Police will send text messages to potential drug users

Essex Police

Essex Police are taking a multi pronged approach to tackling drugs - Credit: Essex Police

Essex Police will send thousands of text messages to people they think might be using drugs, to offer them help and support to beat substance misuse.

The SMS text messages will be sent to people whose numbers have been identified following investigations into county line drug dealers.

The messages will supply a link and contact number for Open Road, a charity that supports people with drug and alcohol addiction.

Detective Chief Inspector Lewis Basford said the police focus is on targeting and dismantling drugs gangs and supporting the vulnerable people they exploit, but this cannot be done by enforcement alone.

“We hope to reach thousands of potential drug users to let them know there is support available to them.

“Even if only a fraction of those people seek help from Open Road, we see that as a positive result.

“Drugs gangs exploit drug users and vulnerable people, and we know there are people who may feel trapped by their lifestyle or frightened to get help.

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“We want them to know there is a way out and there are people who can help them.”

Essex Police said it is possible that the intended recipients may no longer have the same contact number, and it could now be used by someone else.

Joni Thompson, clinical and business development director at Open Road, said: “Open Road has 30 years of experience in supporting vulnerable people.  

“We fully understand how difficult it is to take that first step to seek and ask for help.  

“The service we provide is independent, safe, confidential and non-judgmental.   

“Last year across our all our services we supported over 12,000 people, helping them to make sustainable and positive changes in their lives.”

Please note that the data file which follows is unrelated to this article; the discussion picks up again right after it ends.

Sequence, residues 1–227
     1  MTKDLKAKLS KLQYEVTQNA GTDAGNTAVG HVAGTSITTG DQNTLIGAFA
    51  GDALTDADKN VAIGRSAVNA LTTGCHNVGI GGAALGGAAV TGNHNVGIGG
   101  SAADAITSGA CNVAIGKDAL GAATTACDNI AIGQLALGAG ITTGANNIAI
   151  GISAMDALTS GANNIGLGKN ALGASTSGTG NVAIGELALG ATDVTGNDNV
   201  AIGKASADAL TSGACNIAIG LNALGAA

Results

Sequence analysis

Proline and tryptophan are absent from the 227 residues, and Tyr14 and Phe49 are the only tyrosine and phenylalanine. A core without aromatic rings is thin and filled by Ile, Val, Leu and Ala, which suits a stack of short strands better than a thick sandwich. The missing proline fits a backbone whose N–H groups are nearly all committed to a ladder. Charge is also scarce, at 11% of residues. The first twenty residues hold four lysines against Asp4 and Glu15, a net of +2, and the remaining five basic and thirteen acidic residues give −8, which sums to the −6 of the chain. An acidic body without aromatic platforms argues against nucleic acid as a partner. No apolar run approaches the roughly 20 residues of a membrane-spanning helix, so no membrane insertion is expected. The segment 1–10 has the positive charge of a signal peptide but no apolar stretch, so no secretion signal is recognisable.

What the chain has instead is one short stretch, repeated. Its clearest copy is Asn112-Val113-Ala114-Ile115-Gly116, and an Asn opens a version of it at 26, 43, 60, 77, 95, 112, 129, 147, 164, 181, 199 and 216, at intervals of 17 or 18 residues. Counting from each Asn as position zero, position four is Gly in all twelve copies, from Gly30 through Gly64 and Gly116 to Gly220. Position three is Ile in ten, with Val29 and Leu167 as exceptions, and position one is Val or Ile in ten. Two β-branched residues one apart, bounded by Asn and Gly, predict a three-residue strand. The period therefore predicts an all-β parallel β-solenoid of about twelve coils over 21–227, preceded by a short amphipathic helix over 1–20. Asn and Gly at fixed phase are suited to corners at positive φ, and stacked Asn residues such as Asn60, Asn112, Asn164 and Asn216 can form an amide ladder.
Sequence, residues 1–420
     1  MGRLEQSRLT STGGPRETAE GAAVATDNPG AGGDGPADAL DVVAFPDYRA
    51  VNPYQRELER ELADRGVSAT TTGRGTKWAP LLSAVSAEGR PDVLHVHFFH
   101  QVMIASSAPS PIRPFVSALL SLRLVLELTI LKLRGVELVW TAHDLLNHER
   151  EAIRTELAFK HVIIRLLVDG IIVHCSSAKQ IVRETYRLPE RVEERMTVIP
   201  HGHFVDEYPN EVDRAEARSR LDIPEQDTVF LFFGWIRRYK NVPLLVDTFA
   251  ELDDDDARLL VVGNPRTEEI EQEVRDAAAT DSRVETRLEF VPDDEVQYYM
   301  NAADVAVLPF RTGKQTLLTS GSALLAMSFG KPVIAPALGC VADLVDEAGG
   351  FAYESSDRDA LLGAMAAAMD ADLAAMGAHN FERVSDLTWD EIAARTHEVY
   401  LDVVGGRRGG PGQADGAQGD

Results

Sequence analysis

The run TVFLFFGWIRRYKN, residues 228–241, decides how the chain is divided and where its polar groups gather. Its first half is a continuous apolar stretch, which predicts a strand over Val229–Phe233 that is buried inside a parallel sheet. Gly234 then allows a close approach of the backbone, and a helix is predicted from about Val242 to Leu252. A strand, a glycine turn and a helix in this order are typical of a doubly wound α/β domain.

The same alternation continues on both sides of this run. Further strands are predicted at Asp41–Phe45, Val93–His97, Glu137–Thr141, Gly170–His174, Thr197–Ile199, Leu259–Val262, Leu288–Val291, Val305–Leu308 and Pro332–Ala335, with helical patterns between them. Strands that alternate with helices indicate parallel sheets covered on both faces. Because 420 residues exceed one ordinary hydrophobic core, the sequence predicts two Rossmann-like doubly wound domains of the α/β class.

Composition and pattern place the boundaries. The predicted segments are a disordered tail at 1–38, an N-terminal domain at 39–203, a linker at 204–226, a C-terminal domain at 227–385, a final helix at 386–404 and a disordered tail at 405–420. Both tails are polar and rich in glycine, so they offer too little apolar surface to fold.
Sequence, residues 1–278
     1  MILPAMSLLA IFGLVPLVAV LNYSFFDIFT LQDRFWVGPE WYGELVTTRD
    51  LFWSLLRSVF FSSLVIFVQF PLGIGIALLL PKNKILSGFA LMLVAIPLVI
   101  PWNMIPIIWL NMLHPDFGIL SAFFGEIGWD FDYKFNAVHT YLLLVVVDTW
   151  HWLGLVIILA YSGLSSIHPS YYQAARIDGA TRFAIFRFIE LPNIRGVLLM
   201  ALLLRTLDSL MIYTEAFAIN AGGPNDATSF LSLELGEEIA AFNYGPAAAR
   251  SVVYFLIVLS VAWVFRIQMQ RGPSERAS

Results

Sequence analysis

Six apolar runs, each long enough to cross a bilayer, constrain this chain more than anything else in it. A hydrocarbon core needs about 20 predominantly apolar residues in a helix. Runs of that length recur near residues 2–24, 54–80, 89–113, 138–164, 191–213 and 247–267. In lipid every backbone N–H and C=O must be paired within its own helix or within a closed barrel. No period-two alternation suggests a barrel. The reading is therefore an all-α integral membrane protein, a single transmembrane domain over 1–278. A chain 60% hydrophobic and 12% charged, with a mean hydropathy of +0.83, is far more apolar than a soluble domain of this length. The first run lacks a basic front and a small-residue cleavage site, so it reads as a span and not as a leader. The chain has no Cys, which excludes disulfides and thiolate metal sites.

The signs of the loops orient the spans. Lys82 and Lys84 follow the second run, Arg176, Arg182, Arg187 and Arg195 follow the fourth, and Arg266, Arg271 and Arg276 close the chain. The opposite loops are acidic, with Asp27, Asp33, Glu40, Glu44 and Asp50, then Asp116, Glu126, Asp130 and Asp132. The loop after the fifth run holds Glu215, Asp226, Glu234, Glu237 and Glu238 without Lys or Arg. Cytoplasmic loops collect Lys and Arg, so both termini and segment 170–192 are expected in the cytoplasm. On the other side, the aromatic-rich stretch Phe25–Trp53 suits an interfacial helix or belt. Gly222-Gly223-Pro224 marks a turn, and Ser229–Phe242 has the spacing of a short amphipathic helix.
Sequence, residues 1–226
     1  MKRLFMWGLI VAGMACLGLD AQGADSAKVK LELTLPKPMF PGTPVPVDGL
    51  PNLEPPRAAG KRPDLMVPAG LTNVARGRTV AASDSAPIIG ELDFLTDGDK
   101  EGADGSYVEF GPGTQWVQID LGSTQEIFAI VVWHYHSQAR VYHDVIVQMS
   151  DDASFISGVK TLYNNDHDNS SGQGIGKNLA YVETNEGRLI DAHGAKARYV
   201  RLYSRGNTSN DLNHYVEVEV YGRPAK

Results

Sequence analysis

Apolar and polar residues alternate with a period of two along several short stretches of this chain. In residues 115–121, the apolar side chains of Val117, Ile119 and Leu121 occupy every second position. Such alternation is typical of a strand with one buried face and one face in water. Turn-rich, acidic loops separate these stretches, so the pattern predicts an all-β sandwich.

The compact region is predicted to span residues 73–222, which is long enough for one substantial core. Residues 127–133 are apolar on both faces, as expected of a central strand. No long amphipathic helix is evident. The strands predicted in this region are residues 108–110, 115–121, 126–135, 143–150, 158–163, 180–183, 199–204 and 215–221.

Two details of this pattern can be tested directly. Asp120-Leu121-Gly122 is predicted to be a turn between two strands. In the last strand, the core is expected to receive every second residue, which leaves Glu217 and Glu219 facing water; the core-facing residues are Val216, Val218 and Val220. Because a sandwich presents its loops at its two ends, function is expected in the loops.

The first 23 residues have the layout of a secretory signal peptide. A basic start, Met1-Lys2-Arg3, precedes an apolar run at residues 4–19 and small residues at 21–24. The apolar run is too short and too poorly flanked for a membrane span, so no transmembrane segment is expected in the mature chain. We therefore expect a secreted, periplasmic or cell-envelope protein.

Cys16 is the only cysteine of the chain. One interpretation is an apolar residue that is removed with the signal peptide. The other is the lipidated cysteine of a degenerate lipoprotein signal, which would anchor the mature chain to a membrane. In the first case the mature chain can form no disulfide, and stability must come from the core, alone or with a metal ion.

DCI Basford said police were working every day to target and dismantle drugs gangs and support vulnerable people.

"These will include people who are forced or groomed into helping these criminals. For example, where gangs take over someone’s home to use as a base to sell drugs.

“However eradicating the damage caused by drugs will not be achieved by enforcement alone.

“Helping people to get out of this lifestyle and protecting those at risk of being used by gangs is absolutely vital.

“That’s why the work of organisations such as Open Road, and the many others that help and support people across the county, are so vital.

“It’s also really important that as a community, we all recognise the signs of when people may be in danger or need help, because often those individuals don’t recognise they need help themselves, or may be worried to get help.

“If you, or someone you know, is being exploited, please tell us so we can make sure anyone who needs help receives the support they need.”

The Essex Violence and Vulnerability Unit is providing funding towards the costs of sending the messages.

Essex County Councillor Louise McKinlay, speaking on behalf of the unit, said: “Drugs have such a destructive force on our young people and our communities.  

“Within the Violence and Vulnerability Unit we recognise that there are many vulnerable young people and adults who are being criminally exploited and we need them to understand that you don’t have to stay on the same path.

“For some people this could be a real lifeline; to let them know there is a way out.”